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Oxford College students 'seek peace' through Japan trip

Students on the “Seeking Peace” trip to Japan pose for a photo spelling out “Emory” as they visit Miyajima Island near Hiroshima. 

It was during a Religion 100Q class that Oxford College sophomore Kimberly Reynolds began to consider the fate of Japanese children in the aftermath of the atomic bombings of Hiroshima and Nagasaki in 1945.

Photographs from that time told a tragic story, as young, orphaned children with haunted faces wandered streets of rubble looking for help.

Reynolds, who plans to attend the Nell Hodgson Woodruff School of Nursing this fall to pursue her interest in pediatric mental health, wanted to know more about what became of those small survivors.

This month — as Japan is preparing to mark the 70th anniversary of those atomic bombings — she will find out

On May 10, Reynolds and eight other Oxford College students joined Jill Adams, visiting assistant professor of religion at Oxford College, and Molly McGehee, associate professor of American studies in Oxford's Humanities Division, for a travel experience entitled "Seeking Peace: Embodying Peace and Justice in Postwar Japan."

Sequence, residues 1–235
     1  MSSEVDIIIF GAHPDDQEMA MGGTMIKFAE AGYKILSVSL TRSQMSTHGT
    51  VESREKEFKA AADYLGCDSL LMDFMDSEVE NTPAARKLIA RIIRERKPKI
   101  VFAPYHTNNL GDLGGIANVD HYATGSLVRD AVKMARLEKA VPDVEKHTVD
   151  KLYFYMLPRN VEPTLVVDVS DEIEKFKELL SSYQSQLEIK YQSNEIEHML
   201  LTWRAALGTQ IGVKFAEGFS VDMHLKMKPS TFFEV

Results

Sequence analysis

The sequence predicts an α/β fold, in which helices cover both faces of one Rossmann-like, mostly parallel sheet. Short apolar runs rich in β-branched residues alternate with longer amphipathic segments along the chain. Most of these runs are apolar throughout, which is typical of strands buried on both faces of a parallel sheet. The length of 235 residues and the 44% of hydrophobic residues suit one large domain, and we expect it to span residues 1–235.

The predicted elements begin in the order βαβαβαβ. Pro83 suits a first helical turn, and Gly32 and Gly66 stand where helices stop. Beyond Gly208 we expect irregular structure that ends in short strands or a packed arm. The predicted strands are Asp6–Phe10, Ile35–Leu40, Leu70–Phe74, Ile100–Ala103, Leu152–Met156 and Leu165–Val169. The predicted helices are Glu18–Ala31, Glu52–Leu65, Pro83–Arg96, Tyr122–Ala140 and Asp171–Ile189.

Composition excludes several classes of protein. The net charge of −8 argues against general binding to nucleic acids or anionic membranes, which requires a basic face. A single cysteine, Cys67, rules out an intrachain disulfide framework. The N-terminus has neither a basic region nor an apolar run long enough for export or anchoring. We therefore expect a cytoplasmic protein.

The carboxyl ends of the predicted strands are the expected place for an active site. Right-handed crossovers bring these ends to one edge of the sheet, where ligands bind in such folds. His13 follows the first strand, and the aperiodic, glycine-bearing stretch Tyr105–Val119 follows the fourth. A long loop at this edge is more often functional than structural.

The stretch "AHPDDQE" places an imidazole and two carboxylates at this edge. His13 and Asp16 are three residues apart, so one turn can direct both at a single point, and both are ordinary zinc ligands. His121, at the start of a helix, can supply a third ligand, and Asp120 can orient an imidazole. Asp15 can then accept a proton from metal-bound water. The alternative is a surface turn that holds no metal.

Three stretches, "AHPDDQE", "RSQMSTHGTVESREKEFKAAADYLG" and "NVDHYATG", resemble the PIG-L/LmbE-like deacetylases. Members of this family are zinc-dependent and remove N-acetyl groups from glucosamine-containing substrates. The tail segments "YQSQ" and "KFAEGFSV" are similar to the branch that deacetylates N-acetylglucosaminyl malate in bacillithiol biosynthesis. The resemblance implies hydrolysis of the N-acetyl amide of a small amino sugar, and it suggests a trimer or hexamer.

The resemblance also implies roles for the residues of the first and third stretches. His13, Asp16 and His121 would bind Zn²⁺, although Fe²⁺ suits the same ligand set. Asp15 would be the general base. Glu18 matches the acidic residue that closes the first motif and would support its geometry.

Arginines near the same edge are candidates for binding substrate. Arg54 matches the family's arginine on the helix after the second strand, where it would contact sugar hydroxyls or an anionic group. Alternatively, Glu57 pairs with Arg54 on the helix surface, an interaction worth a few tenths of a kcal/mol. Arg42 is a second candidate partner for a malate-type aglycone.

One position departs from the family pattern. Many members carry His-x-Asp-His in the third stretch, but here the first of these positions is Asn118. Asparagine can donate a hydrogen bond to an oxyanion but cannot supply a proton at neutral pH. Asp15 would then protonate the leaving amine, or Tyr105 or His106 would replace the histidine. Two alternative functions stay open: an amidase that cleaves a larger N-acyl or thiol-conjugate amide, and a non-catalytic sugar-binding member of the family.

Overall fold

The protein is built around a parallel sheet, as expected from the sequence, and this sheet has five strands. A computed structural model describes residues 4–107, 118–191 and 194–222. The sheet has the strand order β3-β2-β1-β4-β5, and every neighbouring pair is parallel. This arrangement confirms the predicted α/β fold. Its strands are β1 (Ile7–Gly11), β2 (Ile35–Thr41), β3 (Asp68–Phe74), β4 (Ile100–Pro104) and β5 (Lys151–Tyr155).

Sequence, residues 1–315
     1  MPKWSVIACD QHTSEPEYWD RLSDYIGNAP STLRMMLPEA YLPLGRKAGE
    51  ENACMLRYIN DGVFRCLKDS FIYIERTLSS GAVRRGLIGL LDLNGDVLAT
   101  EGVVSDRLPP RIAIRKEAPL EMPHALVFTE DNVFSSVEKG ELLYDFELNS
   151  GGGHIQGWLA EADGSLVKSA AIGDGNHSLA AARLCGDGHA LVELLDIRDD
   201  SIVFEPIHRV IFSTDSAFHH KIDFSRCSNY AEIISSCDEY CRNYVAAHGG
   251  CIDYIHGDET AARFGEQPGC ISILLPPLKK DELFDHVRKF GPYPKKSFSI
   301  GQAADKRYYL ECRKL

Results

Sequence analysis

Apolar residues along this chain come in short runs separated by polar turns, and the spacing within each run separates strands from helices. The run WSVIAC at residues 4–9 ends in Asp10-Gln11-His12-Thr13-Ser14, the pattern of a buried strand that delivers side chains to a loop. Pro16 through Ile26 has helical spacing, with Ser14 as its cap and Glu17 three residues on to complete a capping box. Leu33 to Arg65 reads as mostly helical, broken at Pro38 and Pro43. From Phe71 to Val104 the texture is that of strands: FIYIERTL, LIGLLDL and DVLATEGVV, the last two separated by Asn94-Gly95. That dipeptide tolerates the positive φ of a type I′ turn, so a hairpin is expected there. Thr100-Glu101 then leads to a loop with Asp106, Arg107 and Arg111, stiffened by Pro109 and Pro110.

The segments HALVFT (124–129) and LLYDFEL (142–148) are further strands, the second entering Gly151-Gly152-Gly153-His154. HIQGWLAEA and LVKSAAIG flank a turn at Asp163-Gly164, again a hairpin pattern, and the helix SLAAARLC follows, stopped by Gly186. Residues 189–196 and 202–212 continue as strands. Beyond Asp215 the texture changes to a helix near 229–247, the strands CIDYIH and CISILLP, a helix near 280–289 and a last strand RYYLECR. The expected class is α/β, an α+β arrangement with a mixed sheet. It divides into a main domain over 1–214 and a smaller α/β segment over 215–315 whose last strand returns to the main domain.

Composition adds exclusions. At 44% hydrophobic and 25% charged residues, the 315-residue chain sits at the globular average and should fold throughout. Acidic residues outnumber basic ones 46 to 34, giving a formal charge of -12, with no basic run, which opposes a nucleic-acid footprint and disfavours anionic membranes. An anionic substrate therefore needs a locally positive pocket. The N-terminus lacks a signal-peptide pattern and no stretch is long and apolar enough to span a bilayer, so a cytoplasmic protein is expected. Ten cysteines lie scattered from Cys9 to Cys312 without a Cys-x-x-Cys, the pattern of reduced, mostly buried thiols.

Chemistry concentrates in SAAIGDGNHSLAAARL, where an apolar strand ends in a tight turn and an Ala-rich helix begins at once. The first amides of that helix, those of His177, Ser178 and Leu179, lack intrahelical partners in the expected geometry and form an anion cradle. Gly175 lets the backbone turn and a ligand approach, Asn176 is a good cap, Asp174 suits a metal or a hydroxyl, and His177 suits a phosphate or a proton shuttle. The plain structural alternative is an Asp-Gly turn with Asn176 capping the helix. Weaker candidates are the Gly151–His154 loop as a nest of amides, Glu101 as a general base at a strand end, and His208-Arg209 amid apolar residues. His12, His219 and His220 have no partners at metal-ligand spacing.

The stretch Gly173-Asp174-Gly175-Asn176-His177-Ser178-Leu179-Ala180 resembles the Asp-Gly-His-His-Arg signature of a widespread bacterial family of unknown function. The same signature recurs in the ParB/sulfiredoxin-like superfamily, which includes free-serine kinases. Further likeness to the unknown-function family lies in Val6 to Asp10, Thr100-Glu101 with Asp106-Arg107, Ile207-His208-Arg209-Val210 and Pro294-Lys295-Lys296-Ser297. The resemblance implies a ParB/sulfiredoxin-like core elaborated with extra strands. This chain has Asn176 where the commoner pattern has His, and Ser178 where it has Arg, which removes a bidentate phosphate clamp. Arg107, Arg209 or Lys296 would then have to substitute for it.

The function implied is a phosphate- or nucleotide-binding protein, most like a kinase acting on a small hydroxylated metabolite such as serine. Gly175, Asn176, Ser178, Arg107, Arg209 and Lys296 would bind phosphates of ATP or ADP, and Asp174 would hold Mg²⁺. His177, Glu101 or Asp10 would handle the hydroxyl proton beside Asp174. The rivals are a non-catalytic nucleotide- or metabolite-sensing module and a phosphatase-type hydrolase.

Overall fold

The trip is offered through Global Connections — an Oxford College co-curricular program designed to help students create meaning in their lives while connecting their religious and spiritual convictions with justice issues that include peace, poverty, human rights and the environment.

Housed in the Pierce Institute for Leadership and Community Engagement and the Office of Religious and Spiritual Life at Oxford College, the Global Connections program over the last eight years has taken Oxford students and faculty to locations ranging from Poland, Vietnam and Turkey to Costa Rica and New York City.

With an emphasis on leadership and social justice, "this is an experiential learning program that steps outside traditional classroom walls to focus on issues of social responsibility," says Adams 01OX 03C, who has been named assistant director of Oxford's Center for Academic Excellence.

Peace, justice and 'catastrophic loss'

Within the mission of Global Connections, "it was the 'peace' part that caught my eye and my heart," acknowledges Adams.

While the group won't still be in Japan for anniversary commemorations planned in August, they will be "looking at sites of catastrophic loss — and narratives about those losses — in both religious and secular spheres," she says.

"We think we know what peace is, but people use that word, that ideal, in very different ways," Adams says. "This trip will be an opportunity to think differently about these ideals, for students to probe a different part of themselves."

"I want students to look at how words of peace and justice are employed in dialogue, and how they motivate political activity, too," she adds.